The Irish Grassland Association (IGA) farm walk on the farm of Peadar and Aoife Coyle in Curraghboy, Co Roscommon, took place last Thursday. An overview of the farming system was previewed on these pages a few weeks ago and as such, this article will focus on the key take-home messages conveyed on the day.
The high stocking rate of 2.57LU/ha on the home farm grazing block of 28.5ha (70.5ac) was a topic which attracted close attention. Peadar told the over 120 people in attendance that optimum soil fertility provides the foundation for positive grass growth, while good farm infrastructure and mixed grazing provide the mechanism to achieve high levels of grass utilisation and favourable animal performance.
I also try not to go too hard on a paddock when grazing, as it tends to hurt grass growth and recovery times
The farm is soil sampled every three years and there is a strong focus on regular liming. The pH of paddocks ranges from 5.9 to 6.4 (average of 6.07) and lime is applied annually to low pH soils. Over 90% of the farm is at index 4 for phosphorus while close to 100% of the farm is at index 4 for potassium.
The Coyles’ attention in terms of soil fertility has ramped up on out-farm blocks, with upwards of 70% of the area at optimum levels of fertility. Practices adopted to address issues include targeting organic fertilisers to these areas, which includes silage ground, while P and K are also applied in autumn to address soil deficits.
Mixed grazing is credited with much better grass utilisation and being capable of sustaining higher levels of output. Questioned on the challenges of moving mixed batches of stock and grassland management, Peadar says you need to have patience when handling stock and work to achieve the best balance in grass management.
“Sheep don’t want too strong of grass covers and sometimes you would prefer to have heavier covers for cows. If you can meet somewhere in the middle of these two targets, you generally won’t be too far off the mark. I also try not to go too hard on a paddock when grazing, as it tends to hurt grass growth and recovery times.”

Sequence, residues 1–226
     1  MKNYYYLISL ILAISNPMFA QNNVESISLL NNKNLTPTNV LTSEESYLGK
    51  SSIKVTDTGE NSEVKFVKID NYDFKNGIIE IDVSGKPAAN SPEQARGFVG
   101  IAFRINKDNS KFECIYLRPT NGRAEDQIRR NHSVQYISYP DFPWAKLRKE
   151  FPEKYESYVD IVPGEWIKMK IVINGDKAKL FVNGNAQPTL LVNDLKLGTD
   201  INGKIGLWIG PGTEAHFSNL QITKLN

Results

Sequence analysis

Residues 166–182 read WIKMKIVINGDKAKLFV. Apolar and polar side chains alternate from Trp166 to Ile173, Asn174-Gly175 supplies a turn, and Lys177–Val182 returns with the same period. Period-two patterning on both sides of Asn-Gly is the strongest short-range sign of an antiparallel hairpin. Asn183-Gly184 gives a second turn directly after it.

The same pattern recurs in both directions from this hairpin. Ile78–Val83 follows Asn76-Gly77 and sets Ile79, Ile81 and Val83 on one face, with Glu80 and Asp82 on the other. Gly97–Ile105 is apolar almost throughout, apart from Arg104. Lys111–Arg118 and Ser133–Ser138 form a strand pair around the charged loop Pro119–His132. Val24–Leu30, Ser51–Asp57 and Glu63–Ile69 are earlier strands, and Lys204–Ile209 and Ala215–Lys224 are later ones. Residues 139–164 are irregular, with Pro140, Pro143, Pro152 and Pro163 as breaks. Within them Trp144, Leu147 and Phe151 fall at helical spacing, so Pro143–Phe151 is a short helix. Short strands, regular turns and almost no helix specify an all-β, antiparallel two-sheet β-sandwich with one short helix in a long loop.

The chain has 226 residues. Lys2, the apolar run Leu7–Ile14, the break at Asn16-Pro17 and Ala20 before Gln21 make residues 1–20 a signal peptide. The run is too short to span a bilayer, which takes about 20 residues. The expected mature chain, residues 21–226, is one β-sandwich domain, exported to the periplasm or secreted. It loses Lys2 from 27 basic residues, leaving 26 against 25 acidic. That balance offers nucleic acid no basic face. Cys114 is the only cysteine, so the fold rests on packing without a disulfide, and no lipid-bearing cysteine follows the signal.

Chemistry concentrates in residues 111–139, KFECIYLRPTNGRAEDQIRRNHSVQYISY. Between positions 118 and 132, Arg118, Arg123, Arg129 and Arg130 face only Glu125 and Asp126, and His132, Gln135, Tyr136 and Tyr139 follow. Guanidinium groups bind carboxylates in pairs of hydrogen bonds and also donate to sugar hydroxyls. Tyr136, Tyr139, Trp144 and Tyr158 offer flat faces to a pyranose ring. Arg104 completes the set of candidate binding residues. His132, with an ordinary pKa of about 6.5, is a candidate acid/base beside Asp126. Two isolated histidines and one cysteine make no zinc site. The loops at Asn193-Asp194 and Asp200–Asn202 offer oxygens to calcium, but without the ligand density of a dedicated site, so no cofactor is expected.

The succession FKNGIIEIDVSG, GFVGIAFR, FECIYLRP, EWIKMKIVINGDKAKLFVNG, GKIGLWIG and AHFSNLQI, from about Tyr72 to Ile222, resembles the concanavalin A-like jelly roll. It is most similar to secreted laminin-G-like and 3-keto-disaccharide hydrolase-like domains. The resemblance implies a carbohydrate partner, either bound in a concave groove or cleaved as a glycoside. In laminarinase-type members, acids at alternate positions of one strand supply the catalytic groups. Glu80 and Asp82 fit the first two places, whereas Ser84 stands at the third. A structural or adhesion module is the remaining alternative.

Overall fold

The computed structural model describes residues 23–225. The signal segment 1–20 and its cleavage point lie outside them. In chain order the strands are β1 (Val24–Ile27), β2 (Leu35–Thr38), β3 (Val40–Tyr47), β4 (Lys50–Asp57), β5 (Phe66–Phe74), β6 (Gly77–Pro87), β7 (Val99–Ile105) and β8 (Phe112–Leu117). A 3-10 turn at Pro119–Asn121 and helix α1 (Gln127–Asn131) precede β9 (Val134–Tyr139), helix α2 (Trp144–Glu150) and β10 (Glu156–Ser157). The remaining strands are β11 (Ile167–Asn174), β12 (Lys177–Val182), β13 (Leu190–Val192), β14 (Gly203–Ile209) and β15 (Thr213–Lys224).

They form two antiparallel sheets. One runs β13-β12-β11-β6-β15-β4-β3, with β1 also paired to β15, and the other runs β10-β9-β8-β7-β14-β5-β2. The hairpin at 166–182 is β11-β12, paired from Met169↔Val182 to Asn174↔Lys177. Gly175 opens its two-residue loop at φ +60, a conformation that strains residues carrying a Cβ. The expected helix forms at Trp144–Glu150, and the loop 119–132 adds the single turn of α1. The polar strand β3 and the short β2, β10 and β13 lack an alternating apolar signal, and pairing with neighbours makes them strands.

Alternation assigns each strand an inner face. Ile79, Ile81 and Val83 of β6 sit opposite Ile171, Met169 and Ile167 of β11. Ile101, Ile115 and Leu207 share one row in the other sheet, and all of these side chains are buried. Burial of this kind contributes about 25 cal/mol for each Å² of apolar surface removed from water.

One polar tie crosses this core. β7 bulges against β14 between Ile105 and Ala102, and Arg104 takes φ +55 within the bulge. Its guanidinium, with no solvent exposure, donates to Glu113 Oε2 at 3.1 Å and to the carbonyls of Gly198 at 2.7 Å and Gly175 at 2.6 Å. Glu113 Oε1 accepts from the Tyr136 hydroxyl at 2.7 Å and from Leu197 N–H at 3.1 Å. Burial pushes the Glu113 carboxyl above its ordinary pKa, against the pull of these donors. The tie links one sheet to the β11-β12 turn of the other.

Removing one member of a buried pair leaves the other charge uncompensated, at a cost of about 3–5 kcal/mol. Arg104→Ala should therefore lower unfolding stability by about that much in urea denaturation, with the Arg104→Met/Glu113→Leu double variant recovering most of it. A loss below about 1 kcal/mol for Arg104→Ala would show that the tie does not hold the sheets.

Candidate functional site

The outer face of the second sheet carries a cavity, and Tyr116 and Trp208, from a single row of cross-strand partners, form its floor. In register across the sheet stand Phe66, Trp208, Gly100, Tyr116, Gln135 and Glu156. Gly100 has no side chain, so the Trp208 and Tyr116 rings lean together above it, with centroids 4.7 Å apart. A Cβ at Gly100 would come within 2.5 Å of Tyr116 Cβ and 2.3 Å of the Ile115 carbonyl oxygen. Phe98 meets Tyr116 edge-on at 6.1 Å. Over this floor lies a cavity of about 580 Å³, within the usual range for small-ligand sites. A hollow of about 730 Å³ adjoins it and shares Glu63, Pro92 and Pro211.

High lambing percentage was putting excessive pressure on the system and significantly increasing the labour requirement
“On moving stock, we don’t get too excited if some sheep go out the gate when bringing in cows for AI, for example. Stock get used to the system pretty quick and we are lucky with the farm road I suppose in that animals can’t get too far if they do get out.”
A central roadway which runs through the farm was constructed bit-by-bit over a period of about 10 years, primarily to facilitate machinery work on a farm with hills. Peader says it was only when the road was fenced that its true merit was realised to exploit the benefits of grazing infrastructure.
TAMS grant aid has been availed of to split paddocks and help with impressive developments in terms of planting new hedgerows. The manner in which paddocks have been seperated also allows for paddocks to be temporarily split to keep quality in check during periods of higher growth rates.
The spring period is busy, with 575 ewes to lamb, 40 cows to calve and 50 calves to rear. The systems combine to good effect, with calves reared in housing previously used by sheep.
There were questions on the day as to why ewe lambs are not retained and bred in their first year. Aoife, who also works off-farm as a relief milker, says the aim is to keep the sheep system and lambing as straightforward as possible.
Ewe lambs were lambed in the past, but a high lambing percentage was putting excessive pressure on the system and significantly increasing the labour requirement. The fact that these sheep move off the farm in a contract rearing system does not limit ewe numbers and keeps the system more straightforward.